Dignity Health Merger Raises Questions

in / by

A proposed merger between Dignity Health and Catholic Health Initiatives has raised concerns about access to care for women, transgender, and low-income patients, according to the American Civil Liberties Union. Nurses in Dignity’s California hospital system are also worried that the merger could disrupt labor union contracts and job security.

At the same time, the University of California, San Francisco is collaborating with Dignity to offer a digital platform to help patients navigate the healthcare system, prompting criticism of USCF for partnering with an entity that the ACLU claims restricts care for certain groups.

San Francisco-based Dignity Health, California’s largest hospital provider, and Catholic Health Initiatives, a national nonprofit healthcare supplier, announced the proposed merger last December. The plan is being reviewed by the California Attorney General’s Office following a series of hearings held throughout the state at which members of the public expressed concerns that it may act to lessen health care provision. Dignity Health has pledged that there’ll be no service reductions for at least five years.

Merger concerns focus primarily on the Catholic proprietorship of Dignity and CHI, and that the affiliation will jeopardize access to reproductive health services, end-of-life practices, and treatment of LGBTQ patients, due to the Catholic Church’s Ethical and Religious Directives. Though Dignity ended its religious affiliation with the Church in 2012 for some of its hospitals, the merger could act to fully reinstate the relationship. Many Dignity Health facilities already abide by the Ethical and Religious Directives; procedures such as tubal ligations and vasectomies aren’t performed there.

“We’re concerned that this proposed merger could exacerbate the denials of care that we are already witnessing,” said Phyllida Burlingame, Reproductive Justice and Gender Equity Director at the ACLU of Northern California.

The ACLU is pursuing two legal cases against Dignity Health. The first was filed on behalf of a patient who was refused a postpartum tubal ligation by a Dignity hospital, despite a doctor’s recommendation that the procedure be performed to prevent future pregnancies.

The second ACLU lawsuit claims that the healthcare provider canceled a hysterectomy surgery once it was determined that the patient was transgender. The lawsuit asserts discrimination; the hospital states that the procedure is contrary to the Catholic anti-sterilization directive, although it’s routinely performed at the hospital for patients who aren’t transgender.

Karen Camacho, ACLU Organizing Coordinator, told The San Francisco Examiner, “This is a merger between two Catholic hospital systems, which generally follow the Ethical Religious Directives that prohibit many crucial reproductive health services, including contraception, abortion and fertility treatments. Transgender patients have had gender affirming surgeries denied on religious grounds.”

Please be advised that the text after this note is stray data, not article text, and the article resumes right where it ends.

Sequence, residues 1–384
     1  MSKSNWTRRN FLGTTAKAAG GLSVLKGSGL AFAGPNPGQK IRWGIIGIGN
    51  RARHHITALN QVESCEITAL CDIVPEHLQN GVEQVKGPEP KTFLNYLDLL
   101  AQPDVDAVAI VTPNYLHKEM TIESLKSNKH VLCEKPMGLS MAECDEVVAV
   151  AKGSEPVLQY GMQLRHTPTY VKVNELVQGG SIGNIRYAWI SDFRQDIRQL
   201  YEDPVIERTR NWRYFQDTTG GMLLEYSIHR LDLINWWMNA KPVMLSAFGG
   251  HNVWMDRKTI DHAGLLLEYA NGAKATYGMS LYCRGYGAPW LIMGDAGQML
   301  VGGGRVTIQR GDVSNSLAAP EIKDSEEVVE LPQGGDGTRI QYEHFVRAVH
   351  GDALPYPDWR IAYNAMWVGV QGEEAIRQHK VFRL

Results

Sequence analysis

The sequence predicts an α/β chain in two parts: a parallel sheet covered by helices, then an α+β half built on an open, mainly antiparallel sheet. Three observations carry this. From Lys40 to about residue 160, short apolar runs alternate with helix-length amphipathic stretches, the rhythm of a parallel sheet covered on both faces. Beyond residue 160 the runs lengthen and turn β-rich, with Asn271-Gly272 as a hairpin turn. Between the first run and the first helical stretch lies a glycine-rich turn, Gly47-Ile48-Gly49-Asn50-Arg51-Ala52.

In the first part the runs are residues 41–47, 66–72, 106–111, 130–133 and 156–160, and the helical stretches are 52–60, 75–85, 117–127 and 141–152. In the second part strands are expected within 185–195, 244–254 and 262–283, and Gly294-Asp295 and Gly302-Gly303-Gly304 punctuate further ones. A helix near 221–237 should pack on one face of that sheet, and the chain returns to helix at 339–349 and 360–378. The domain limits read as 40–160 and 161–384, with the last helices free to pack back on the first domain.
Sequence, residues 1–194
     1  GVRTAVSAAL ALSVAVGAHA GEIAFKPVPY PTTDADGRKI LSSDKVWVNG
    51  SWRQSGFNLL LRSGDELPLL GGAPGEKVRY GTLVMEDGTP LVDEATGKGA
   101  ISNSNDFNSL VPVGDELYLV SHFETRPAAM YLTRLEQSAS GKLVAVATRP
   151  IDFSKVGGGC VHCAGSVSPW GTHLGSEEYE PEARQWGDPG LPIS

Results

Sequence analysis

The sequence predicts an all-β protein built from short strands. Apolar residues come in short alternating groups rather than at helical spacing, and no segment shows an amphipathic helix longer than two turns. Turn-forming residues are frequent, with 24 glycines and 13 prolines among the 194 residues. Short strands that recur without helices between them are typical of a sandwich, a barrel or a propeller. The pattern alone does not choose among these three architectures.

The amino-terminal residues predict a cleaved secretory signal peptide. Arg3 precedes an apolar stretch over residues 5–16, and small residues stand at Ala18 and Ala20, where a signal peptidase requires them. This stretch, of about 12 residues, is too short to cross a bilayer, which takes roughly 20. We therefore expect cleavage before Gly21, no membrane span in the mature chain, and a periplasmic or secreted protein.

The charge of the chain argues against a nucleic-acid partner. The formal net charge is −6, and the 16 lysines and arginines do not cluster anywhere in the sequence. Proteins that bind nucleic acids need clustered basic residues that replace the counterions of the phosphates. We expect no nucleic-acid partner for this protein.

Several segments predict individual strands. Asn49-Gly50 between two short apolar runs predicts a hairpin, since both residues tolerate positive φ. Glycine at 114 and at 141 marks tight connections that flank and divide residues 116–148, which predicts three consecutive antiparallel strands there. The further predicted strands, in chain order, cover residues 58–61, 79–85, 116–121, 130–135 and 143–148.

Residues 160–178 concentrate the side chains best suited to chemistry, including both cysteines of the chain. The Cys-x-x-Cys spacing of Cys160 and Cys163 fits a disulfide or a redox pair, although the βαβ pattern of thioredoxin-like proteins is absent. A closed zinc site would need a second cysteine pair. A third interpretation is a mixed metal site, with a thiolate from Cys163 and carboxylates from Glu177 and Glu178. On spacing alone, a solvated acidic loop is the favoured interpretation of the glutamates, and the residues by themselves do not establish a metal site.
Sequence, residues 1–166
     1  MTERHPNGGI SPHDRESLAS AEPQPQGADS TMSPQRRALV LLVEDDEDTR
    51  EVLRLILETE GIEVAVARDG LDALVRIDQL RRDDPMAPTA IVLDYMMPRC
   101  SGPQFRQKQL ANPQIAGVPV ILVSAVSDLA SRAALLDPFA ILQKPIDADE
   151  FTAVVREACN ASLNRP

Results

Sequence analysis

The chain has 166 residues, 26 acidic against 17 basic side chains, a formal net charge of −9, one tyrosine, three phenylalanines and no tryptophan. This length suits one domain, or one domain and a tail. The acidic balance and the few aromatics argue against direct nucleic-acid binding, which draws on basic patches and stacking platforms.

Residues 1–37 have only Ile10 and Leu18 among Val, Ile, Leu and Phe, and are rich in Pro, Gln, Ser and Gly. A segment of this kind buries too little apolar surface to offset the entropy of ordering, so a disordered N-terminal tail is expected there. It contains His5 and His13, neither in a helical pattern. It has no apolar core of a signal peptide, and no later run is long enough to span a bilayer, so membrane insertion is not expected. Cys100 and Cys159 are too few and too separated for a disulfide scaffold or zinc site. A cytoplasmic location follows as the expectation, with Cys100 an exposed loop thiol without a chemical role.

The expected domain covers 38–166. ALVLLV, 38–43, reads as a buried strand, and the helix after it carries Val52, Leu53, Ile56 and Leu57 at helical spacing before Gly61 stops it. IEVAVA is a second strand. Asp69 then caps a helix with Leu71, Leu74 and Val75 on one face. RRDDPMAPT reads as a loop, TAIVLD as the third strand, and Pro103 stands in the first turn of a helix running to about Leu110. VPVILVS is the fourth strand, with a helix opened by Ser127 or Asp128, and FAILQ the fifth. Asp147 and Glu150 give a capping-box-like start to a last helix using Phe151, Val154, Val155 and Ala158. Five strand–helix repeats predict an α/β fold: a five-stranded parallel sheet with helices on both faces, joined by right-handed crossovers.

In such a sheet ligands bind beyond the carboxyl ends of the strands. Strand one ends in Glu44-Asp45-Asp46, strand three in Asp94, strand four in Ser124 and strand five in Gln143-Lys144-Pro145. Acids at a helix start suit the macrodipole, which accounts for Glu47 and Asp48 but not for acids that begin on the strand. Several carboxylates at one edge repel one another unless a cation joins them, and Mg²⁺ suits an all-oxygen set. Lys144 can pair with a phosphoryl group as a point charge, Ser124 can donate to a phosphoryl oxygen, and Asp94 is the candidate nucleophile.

“This promise that they’re going to maintain levels of care for five years is one we can’t count on,” Burlingame added. “These hospitals receive public funds and serve the general public, and they need to provide care that meets the standard of care for all services.”

The merger also calls into question whether pensions for nurses will be retained, if union contracts for hospital workers will continue in the long term, and whether there’ll be adverse impacts on staffing levels and the work environment.

We are concerned about the impact of this merger upon the services we provide, and want a guarantee that these hospitals will remain open for at least 15 years, with no services eliminated, and that there is no cut or change in the way charity care is accounted for,” said Joe Domingos, a National Nurses United spokesperson, referring to free or discounted care offered to low-income patients at its facilities.

In a press release, Dignity Health stated, “There will be no reduction in any service currently provided at any Catholic and any other-than-Catholic hospital as a result of our alignment, which is made clear in the California Attorney General’s independent Health Impact Reports. That includes women’s health services. Any service that is offered today will be offered tomorrow to all members of our community.”

UCSF, which is collaborating with Dignity to launch a digital patient platform next spring, is trying to steer clear of the controversies. When asked about the nurses’ union contract concerns, Kristen Bole, UCSF Director of Clinical Communications and Public Affairs, said, “That has nothing to do with us at all.”

“Dignity Health will play no role in direct patient care for UCSF through the new digital platform, nor will its directive influence UCSF care in any way,” added Shelby Decosta, UCSF Senior Vice President and Chief Strategy Officer.

The UCSF/Dignity collaboration will offer “a state-of-the-art digital engagement platform that will provide information and access to patients when and where they need it as they navigate primary and preventive care, as well as more acute or specialty care,” according to a UCSF statement. The cloud-based platform, created by Dignity Health for use in its 39 hospitals, is being designed to offer patients a user-friendly interface with the healthcare system, via a web-based and mobile application, and is being tailored to fit the needs of UCSF patients.

Joann Wardrip, Dignity Health Media Relations Manager, stressed that “the religious affiliation won’t have any bearing on the collaboration, because it’s purely technological in nature. Use of the digital app won’t result in any religious influences on healthcare or experiences for UCSF’s patients.”